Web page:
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I'm asked to prove that every open ball is both open an open and closed set

So far, I've managed to show it's open:

Given a ball $ B=B(x,r) $

I made a new ball, $ B=B(y,\delta)$

let z be an element of $ B(y,\delta) $ and showed that $ d(z,x)\leq d(z,y)+d(x,y)< \delta+d(x,y)= r $

Concluding that $ B(y,\delta) $ is contained in $B(x,r)$ and therefore $B(x,r)$ is an open set Is this right?

As for showing that that the open ball is a closed set, I'm at a loss.

thank you

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2  
In general an open ball is not a closed set. –  Michael Albanese Oct 12 '13 at 21:34
2  
Under what metric? –  Pedro Tamaroff Oct 12 '13 at 21:41
    
As noted, what you are trying to prove is not true. Is it possible that you were actually asked to prove that you can 'inscribe' a closed ball inside an arbitrary open ball, and another open ball inside of that? That is a common technique in analysis, and I could see such a question being misinterpreted in the way you wrote. –  Aaron Taylor Oct 12 '13 at 22:09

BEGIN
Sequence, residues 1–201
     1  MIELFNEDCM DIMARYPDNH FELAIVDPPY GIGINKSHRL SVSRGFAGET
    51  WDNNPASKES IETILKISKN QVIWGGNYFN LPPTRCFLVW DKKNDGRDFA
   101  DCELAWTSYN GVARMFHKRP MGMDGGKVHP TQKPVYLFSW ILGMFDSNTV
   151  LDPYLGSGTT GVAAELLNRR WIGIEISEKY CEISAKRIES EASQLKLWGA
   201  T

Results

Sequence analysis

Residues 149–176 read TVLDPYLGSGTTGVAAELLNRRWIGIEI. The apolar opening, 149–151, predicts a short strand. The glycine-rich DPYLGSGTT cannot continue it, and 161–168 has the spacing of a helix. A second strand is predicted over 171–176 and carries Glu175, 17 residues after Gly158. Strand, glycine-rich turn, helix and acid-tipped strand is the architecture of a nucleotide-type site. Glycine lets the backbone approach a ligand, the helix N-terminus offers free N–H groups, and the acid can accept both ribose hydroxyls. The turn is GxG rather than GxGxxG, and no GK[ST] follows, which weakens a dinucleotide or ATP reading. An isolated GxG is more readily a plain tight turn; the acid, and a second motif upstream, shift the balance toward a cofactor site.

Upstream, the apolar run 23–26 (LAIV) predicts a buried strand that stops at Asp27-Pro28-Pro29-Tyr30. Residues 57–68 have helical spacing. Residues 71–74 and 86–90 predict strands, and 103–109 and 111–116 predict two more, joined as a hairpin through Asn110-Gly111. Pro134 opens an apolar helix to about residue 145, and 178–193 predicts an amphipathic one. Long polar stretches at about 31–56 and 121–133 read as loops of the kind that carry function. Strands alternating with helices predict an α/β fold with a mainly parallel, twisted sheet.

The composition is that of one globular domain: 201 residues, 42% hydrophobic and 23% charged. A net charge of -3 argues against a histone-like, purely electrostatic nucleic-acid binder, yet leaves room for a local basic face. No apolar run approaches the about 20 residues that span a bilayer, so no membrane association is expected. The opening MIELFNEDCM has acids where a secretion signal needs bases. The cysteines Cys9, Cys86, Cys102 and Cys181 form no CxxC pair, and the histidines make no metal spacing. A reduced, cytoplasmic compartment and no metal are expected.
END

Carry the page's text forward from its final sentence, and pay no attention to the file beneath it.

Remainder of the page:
1 Answer 1

You are trying to prove something that is not true. A counterexample: $X = \mathbb{R}$ and the open ball $B_1(0)$ with centre $0$ and radius $1$. Then $1 \in X - B_1(0)$, but for any $\epsilon > 0$ we have $1 - \frac{\epsilon}{2} \in B_\epsilon(1) \cap B_1(0)$ and so this intersection is not empty. So $X - B_1(0)$ is not open and hence $B_1(0)$ is not closed.

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